A study published in the Lancet in February 2018 found that antidepressants are more effective in patients with moderate-severe depression or major depressive disorder than placebo (see Cipriani et al. (2018)). This study reviewed results from >500 trials, that evaluated 21 different drugs, and involved >100,000 patients with depression- but note the caveat that the team could only work with the results as originally published, and experience indicates that trial results may sometimes have been analysed so as to present the most positive of outcomes. So, at least for patients with severe depression, the use of antidepressants appears to be justified. However, the majority of patients present with mild-to-moderate depression, and it is still unclear if antidepressant therapy is effective in these patients. Criticisms of the use of antidepressants in patients with milder forms of the disease are multi-fold: Are they effective in this patient group? Are they prescribed to easily and too often for mild depression? Are patients warned about the range/severity of side-effects? Are they adequately warned of the issues surrounding withdrawal? Add to this mix of concerns the subjectivity and diversity of patients' experiences and responses to the benefits and side-effects of therapy, and the efficacy of antidepressant therapy in the mildly depressed patient is obscured even further.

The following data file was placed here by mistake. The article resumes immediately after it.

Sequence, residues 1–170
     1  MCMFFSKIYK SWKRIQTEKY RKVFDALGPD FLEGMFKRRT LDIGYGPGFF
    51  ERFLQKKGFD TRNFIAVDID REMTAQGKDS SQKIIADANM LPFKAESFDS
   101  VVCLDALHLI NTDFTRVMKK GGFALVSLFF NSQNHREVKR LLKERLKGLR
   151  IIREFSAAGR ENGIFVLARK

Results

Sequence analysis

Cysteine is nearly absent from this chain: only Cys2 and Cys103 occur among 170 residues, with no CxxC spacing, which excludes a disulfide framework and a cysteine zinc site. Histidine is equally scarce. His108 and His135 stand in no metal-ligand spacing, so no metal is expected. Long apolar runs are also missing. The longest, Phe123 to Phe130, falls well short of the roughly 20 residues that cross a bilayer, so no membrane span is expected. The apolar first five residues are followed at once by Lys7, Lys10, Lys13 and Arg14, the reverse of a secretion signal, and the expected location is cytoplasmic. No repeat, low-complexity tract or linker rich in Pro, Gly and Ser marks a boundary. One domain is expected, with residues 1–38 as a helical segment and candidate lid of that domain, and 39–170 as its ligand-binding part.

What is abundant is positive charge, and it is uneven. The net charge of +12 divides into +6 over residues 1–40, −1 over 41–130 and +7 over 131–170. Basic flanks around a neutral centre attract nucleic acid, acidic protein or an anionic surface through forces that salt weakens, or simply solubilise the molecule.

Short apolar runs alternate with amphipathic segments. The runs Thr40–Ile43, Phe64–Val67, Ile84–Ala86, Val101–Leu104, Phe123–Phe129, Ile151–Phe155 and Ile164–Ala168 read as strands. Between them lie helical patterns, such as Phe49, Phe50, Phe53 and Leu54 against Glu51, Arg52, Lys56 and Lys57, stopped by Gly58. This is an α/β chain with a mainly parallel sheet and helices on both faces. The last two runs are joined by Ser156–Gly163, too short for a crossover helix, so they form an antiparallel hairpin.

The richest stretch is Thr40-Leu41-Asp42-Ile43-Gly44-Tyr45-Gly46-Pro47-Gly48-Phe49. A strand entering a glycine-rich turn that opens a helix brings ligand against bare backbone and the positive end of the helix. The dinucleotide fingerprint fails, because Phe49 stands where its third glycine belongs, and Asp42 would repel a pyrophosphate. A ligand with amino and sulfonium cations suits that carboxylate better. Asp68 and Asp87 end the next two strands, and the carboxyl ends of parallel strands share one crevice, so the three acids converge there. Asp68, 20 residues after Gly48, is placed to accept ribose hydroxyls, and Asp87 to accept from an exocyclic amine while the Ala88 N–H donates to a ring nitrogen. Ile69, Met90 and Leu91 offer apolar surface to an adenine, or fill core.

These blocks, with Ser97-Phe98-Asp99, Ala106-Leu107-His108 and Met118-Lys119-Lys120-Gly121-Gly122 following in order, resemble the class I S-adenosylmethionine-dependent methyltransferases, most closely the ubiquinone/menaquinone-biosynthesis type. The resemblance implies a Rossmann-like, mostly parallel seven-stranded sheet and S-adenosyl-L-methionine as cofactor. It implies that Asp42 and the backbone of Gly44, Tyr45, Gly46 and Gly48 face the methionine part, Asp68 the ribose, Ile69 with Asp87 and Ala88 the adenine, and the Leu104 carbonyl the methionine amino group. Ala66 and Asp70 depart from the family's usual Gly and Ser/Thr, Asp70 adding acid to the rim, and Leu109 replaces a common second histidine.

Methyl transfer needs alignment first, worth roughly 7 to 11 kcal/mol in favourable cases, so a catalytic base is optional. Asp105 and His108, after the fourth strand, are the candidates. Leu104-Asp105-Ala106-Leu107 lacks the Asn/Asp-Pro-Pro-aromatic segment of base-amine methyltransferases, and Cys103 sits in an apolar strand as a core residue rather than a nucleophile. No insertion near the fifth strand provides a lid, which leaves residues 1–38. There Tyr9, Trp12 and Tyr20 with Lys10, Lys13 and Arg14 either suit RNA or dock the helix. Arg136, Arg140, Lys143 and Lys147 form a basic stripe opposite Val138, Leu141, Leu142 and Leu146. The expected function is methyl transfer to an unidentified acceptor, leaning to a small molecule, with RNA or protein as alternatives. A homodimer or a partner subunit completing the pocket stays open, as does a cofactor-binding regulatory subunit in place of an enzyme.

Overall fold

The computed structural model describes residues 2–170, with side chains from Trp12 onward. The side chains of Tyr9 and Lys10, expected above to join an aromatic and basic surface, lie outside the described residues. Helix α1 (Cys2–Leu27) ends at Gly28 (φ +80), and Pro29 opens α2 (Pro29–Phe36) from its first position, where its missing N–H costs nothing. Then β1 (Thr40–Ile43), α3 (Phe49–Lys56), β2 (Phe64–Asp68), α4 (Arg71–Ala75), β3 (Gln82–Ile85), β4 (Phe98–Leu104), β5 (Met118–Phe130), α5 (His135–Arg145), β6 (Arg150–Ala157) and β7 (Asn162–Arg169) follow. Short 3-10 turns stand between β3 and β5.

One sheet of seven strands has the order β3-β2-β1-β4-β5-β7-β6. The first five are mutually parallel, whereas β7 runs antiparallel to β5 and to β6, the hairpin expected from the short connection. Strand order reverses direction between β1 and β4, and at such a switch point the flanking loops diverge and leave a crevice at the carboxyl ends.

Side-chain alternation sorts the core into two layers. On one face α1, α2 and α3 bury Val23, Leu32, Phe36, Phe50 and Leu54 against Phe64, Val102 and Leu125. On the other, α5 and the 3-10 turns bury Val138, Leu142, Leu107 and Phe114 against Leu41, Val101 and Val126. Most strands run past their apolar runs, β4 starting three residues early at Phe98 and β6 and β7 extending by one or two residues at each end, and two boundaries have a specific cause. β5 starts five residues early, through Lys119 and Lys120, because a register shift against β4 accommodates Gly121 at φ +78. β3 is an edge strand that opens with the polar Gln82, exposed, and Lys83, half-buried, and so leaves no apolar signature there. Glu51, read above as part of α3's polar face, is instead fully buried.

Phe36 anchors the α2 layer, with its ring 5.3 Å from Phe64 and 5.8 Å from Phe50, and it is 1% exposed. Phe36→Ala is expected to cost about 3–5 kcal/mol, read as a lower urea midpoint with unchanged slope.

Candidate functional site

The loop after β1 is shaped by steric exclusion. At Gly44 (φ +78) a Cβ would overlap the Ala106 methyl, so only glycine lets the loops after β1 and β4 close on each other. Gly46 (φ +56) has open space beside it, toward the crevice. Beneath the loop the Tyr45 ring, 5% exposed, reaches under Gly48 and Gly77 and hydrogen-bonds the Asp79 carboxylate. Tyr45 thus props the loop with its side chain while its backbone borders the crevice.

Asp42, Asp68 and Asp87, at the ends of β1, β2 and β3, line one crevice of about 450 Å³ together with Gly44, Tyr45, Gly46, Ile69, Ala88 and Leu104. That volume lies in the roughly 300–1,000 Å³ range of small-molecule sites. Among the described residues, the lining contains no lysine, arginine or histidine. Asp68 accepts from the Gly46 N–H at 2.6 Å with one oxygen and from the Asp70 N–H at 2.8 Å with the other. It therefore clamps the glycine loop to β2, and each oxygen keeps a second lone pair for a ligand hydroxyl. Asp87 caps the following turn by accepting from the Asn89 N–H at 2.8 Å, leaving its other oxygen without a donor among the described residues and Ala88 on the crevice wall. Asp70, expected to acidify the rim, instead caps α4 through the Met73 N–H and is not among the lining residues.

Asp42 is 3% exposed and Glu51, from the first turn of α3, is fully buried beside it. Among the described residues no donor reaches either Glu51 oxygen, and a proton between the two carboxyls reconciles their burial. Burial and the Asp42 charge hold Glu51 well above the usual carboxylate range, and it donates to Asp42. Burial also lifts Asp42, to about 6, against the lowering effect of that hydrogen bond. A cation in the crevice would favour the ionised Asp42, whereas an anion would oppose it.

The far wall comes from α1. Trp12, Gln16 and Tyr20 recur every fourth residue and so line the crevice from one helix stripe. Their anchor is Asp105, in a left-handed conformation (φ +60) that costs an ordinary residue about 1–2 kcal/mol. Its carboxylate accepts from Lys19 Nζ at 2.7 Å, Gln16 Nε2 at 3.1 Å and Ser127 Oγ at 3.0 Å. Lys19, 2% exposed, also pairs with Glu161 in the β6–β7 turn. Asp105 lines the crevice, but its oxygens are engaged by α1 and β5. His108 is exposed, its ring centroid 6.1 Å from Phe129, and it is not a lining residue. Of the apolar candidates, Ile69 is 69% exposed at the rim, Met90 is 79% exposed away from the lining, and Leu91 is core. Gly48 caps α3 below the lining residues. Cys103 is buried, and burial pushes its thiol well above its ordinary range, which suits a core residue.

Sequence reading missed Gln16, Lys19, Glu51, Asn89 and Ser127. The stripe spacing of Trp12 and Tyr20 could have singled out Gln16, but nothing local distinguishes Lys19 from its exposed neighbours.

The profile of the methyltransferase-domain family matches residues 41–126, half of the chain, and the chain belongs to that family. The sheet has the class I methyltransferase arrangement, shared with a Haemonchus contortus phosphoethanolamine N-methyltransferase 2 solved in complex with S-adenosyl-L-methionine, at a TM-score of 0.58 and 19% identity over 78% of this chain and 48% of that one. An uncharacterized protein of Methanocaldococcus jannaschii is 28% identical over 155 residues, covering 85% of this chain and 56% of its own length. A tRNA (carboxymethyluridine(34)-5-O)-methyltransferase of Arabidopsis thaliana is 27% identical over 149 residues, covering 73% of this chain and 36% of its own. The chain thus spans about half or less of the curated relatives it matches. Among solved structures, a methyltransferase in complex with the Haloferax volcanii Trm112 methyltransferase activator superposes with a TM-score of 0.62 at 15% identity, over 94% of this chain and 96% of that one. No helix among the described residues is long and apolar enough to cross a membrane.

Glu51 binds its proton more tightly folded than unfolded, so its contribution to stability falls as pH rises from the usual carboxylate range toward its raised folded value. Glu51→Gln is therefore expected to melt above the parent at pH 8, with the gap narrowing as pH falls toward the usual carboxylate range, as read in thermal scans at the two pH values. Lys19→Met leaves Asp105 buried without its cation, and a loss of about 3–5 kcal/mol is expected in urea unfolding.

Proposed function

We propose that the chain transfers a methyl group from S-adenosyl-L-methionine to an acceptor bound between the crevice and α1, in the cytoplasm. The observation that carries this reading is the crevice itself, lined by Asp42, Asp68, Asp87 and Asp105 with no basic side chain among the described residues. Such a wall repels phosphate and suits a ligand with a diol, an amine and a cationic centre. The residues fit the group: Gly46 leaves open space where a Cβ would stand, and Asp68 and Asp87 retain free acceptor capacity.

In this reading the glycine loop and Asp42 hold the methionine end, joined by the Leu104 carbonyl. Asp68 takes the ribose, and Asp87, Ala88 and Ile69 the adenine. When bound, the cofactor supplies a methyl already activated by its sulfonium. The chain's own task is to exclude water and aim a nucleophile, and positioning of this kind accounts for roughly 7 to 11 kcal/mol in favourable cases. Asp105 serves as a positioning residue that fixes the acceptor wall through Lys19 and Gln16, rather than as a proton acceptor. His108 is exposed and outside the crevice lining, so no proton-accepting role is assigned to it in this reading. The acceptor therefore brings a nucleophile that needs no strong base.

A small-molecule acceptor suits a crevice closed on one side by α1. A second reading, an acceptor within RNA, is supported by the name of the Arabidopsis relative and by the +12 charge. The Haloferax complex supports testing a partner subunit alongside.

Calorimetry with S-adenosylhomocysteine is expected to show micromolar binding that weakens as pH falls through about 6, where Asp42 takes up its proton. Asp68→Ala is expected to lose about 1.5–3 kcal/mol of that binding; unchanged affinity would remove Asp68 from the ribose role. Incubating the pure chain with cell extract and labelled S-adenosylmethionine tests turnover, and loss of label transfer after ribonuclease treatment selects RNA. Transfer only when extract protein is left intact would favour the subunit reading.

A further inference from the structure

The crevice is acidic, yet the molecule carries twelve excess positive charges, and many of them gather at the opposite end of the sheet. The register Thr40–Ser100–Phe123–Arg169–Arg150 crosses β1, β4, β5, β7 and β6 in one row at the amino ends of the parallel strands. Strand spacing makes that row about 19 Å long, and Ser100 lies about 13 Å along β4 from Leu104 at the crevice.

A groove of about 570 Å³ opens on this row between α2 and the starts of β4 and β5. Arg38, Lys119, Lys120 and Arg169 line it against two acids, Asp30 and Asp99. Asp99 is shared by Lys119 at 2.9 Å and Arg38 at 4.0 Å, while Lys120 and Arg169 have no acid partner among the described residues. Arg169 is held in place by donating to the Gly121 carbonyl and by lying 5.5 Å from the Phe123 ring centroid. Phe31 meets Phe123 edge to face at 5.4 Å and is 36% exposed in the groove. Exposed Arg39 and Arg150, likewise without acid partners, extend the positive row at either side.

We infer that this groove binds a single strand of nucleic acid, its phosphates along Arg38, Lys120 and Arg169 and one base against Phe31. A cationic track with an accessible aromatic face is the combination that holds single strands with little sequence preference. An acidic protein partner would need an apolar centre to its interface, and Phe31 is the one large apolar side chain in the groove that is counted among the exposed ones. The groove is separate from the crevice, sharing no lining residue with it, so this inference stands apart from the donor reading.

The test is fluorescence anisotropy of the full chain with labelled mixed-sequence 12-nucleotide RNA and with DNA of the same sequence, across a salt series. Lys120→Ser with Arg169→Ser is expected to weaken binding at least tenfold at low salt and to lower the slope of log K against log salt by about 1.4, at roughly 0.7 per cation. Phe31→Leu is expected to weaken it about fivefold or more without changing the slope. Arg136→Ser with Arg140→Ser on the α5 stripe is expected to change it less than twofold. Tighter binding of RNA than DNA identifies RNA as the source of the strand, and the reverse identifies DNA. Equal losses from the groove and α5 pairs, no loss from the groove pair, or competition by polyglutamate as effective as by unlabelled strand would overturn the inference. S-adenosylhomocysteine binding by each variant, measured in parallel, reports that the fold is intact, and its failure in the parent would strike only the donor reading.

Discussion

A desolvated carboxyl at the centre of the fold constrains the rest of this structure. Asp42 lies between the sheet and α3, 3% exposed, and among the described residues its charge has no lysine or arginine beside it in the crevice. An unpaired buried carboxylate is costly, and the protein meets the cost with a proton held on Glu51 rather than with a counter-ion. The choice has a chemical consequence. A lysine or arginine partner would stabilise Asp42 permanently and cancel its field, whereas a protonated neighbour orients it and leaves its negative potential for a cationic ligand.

For information regarding the pharmacology of the antidepressant drug classes used in clinical practice see our Antidepressant drugs topic.